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ogolne/iStock(PARK HILLS, Ky.) -- Kentucky's Covington Catholic High School has reopened Wednesday after the school was closed in the wake of a controversy involving some students.

The school and its pupils came under scrutiny over the weekend when a group that had traveled to Washington D.C. to attend an anti-abortion protest were seen on video in a confrontation with Native American elders near the Lincoln Memorial.

After facing security concerns in the backlash to the incident, the school principal announced in a letter to parents that the school would reopen on Wednesday.

"Over the course of the last four days, we have spent a considerable amount of time consulting with local officials from surrounding cities and counties, homeland security, school administrators and other safety officials regarding the situation that took place in Washington DC and the subsequent events that have occurred," Principal Robert Rowe said in a letter sent to parents on Tuesday, Jan. 22.

The letter goes on to state that the start of school would be pushed back from 8:00 a.m. to 8:30 a.m., police officers would be stationed in and around the building throughout the day, and students and faculty members will be meeting "collectively and in individual classes to discuss these events and the plan going forward."

"Although we have done our due diligence in ensuring student safety, if you as a parent do not feel comfortable sending your son to CCH tomorrow or for subsequent days, please know that we understand this viewpoint during this difficult time period," Rowe wrote.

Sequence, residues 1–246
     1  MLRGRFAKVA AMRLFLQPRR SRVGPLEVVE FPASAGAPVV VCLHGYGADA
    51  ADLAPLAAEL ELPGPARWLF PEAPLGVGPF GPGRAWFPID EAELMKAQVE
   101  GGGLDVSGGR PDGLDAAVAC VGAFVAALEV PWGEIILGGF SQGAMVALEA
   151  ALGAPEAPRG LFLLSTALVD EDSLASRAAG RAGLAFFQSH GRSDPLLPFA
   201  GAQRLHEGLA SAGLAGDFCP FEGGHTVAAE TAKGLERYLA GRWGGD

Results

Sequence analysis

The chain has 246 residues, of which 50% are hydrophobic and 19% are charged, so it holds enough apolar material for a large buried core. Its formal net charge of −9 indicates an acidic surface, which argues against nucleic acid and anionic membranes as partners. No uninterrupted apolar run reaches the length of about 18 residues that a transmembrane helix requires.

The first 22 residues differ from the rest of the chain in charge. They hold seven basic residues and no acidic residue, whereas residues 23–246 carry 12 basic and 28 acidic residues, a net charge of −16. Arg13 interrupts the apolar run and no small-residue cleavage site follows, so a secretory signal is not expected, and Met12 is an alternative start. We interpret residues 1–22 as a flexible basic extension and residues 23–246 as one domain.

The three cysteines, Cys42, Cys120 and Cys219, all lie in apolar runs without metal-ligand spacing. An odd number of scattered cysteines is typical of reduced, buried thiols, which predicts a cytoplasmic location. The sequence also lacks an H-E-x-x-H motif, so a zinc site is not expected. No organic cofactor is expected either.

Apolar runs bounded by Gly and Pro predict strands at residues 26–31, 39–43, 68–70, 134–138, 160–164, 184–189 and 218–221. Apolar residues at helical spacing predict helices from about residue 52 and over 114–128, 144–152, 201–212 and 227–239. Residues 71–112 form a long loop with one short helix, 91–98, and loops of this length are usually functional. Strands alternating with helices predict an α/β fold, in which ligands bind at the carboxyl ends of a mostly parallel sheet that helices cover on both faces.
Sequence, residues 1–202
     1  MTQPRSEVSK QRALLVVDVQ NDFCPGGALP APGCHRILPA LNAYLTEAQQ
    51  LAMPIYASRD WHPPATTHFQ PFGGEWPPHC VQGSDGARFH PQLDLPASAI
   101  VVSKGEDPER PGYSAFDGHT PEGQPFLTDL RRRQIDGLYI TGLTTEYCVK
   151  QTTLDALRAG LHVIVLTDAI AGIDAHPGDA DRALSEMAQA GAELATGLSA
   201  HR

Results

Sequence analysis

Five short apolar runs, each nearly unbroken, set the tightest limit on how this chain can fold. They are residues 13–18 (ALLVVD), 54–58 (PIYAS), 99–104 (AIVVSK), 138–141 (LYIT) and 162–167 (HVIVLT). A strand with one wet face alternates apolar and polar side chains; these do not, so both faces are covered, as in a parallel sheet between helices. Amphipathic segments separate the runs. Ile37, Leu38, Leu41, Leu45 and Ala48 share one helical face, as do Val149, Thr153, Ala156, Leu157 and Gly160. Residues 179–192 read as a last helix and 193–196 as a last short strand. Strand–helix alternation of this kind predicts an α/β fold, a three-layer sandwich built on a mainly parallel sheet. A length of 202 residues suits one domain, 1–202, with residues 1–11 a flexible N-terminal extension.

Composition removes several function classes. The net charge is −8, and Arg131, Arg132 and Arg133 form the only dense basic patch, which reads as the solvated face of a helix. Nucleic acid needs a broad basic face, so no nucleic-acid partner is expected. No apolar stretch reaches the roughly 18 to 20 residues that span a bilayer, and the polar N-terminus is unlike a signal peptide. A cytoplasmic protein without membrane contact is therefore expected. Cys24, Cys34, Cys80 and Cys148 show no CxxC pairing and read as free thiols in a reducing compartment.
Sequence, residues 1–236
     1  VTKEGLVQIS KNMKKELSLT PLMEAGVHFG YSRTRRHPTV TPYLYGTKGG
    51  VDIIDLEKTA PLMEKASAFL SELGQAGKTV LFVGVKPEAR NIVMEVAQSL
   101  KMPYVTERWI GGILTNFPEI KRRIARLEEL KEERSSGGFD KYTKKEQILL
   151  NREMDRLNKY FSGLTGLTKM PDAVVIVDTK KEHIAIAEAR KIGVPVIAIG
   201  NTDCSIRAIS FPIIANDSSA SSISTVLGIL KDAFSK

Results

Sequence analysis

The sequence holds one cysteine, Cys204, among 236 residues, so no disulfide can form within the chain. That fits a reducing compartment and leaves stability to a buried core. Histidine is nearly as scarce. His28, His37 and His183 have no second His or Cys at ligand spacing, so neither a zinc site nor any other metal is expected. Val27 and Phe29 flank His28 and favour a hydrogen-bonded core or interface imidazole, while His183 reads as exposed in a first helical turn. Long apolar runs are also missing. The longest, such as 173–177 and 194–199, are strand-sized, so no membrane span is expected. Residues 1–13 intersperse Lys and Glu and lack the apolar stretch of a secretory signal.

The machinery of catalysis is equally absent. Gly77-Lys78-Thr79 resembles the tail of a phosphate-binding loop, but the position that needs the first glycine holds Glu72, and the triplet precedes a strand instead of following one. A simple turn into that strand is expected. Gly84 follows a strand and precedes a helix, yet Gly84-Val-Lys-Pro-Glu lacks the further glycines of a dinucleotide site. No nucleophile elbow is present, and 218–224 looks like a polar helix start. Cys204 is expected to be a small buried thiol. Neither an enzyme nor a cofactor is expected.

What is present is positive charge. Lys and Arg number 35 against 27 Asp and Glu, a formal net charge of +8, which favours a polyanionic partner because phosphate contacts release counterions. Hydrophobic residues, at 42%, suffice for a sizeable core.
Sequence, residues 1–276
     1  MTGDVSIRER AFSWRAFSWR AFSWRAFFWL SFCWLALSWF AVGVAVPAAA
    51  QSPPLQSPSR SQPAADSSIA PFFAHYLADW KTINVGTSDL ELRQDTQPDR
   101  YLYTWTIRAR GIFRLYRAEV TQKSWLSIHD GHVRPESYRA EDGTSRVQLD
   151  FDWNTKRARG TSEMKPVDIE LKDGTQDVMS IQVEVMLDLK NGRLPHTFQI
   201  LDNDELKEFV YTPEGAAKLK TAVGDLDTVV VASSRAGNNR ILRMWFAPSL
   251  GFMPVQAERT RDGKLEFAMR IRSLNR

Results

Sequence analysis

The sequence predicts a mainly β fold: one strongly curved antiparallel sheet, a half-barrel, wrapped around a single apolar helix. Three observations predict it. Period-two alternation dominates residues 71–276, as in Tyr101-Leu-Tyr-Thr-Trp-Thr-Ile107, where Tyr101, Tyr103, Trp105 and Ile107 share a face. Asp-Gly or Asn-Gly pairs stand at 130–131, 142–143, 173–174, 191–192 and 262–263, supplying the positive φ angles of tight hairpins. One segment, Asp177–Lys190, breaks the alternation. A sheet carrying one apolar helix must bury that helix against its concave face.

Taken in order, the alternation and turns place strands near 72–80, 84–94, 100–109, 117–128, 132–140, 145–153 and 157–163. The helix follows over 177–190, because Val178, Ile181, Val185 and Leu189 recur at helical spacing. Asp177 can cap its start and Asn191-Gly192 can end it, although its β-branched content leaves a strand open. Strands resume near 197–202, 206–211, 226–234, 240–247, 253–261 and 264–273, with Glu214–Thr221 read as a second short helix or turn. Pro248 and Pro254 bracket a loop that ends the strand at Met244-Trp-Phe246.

"Please continue to pray for our community," he added.

A series of videos of the incident, which took place on Sat. Jan. 19, showed various sides of the story, with some showing one student appearing to smirk while standing facing a chanting Native American man.

The students, many of whom were wearing the easily-identifiable "Make America Great Again" hats popularized by President Trump's campaign, have said that they were doing their own chants to drown out other protesters.

The debate over the videos reached a new peak Tuesday when Trump tweeted his support for the students, saying that they "have become symbols of Fake News and how evil it can be."

Nicholas Sandmann, the student at the center of the controversy, told The Today Show that he was confused by the Native American elder, subsequently identified as Omaha Nation elder Nathan Phillips.

"I wanted the situation to die down and I just wish he would have walked away, but I knew as long as I kept my composure and didn't do anything that he might perceive as aggressive or elevation of the conflict that it would hopefully die," Sandmann told Today in a segment that aired on Wednesday.

In an interview with Good Morning America on Tuesday, Phillips said that he felt the students were mocking Native American culture, and he questioned why their chaperones didn't take action to stop the teens.